The line up on the album beyond David Bowie (vocals and keyboards) and his usual core team Carlos Alomar (backing vocals and rhythm guitar), George Murray (backing vocals and bass) and Dennis Davis (drums and percussion), it's also formed by the then ex-Frank Zappa sideman Adrian Belew (backing vocals and lead guitar), Simon House (violin) from Hawkwind, Roger Powell (backing vocals, synthesizer and keyboards), best known for his work with Todd Rundgren in Utopia and Sean Mayes (backing vocals, piano and string ensemble).

Bowie's second official live album is an improvement on the first one, "David Live" released in 1974, even though most involved with it consider it a disappointment. Having not attended any of the supposedly excellent shows that this allegedly fails to properly capture, I don't have any such reservations about this album, and as such I can readily enjoy it. While "David Live" captured the Bowie's music in a traditional phase, from glam rock to soul, "Stage" was released in his Berlin phase, with the presence of Brian Eno, and so, it reflects more that musical phase. Anyway, it has also some songs from "The Rise And Fall Of Ziggy Stardust And The Spiders From Mars" and from "Station to Station".

The original version of "Stage" has 17 songs. The songs appear in the chronological order of the original release of his studio albums, with 5 songs of "Ziggy Stardust", 3 songs of "Station To Station", 5 songs of "Low" and 4 songs of "Heroes". Despite I have both, the vinyl and the CD versions, the version of "Stage" that I'm reviewing here on Progarchives, is the 2005 CD reissue version, which is the best because it sequences the songs in the order that they were actually performed and it includes also three bonus tracks, "Alabama Song", "Be My Wife" and a version of "Stay", that may well be the best song on the whole album, despite all the songs on the album are great.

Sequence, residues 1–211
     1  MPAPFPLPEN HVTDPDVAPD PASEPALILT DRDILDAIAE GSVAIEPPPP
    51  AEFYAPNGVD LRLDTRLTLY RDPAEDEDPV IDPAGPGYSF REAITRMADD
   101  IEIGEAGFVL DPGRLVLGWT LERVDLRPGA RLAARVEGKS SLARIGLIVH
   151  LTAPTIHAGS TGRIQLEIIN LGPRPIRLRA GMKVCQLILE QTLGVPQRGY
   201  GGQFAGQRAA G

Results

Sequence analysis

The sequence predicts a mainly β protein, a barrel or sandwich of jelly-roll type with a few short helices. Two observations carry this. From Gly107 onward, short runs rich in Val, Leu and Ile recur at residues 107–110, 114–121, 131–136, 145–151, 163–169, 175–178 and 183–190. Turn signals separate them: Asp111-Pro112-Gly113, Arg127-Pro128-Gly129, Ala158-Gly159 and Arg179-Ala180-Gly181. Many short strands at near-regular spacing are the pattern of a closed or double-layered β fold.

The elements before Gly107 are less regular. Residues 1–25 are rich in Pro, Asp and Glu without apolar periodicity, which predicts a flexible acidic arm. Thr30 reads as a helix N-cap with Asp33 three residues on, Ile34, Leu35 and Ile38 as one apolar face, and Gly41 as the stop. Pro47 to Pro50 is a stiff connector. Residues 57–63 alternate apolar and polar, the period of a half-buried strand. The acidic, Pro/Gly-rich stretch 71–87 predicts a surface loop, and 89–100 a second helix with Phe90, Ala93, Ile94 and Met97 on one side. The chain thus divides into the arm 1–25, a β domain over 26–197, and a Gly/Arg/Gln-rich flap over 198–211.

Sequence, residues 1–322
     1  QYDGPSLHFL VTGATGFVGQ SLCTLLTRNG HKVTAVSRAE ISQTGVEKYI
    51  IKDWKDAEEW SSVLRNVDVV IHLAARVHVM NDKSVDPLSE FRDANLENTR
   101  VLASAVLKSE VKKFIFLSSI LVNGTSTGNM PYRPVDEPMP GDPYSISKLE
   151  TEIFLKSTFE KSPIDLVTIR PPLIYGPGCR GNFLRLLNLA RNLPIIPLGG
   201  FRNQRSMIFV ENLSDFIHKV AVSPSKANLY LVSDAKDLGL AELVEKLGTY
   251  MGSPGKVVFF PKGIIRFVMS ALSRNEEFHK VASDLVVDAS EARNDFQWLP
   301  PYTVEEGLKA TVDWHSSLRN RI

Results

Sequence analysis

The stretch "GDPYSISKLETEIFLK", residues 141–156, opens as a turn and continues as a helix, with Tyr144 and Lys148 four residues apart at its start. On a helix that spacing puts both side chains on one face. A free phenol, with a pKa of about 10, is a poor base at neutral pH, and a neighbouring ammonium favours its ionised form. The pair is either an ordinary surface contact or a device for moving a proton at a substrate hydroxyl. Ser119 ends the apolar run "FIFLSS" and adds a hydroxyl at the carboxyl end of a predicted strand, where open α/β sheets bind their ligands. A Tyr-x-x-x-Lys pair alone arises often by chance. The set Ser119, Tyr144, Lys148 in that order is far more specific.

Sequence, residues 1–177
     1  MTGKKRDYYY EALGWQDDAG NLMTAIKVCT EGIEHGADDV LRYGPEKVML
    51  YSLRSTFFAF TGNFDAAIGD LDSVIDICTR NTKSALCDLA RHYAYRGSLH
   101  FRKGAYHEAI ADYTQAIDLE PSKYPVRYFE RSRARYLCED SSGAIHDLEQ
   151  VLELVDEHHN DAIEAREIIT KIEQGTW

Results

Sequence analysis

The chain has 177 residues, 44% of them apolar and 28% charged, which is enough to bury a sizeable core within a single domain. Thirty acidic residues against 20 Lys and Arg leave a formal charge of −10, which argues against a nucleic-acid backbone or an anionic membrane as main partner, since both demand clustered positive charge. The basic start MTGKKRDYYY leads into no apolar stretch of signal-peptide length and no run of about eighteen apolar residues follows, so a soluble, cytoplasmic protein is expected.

About the performance, the band pulls off the coldly majestic "Warszawa", an unusual choice for an album opener, extremely well, and there are plenty of other potential highlights here, plus the House's prominent violin adds an interesting new element that differentiates some of these songs from their studio counterparts. Disc one is comprised primarily of "Low" and "Heroes" tracks aside from "Fame", with "Heroes" the song unsurprisingly serving as the centrepiece and the high point of the set. Like most songs here it may not be as good as the original, but this version is still epic and wonderful in its own right. Disc two goes back in time for five straight "Ziggy Stardust" songs. "Art Decade" doesn't really fit here very well, and I prefer The Doors' version of "Alabama Song", but despite it, the album ends strongly with three "Station To Station" tracks, where Belew in particular shines, especially on the aforementioned extended version of "Stay". On the whole, this album doesn't really provide anything new other than to show that Bowie and company could pull these songs off in a live setting. Still, there's nothing wrong with that, and I for one enjoy listening to this album, and it represents undoubtedly an improvement to his debut live album.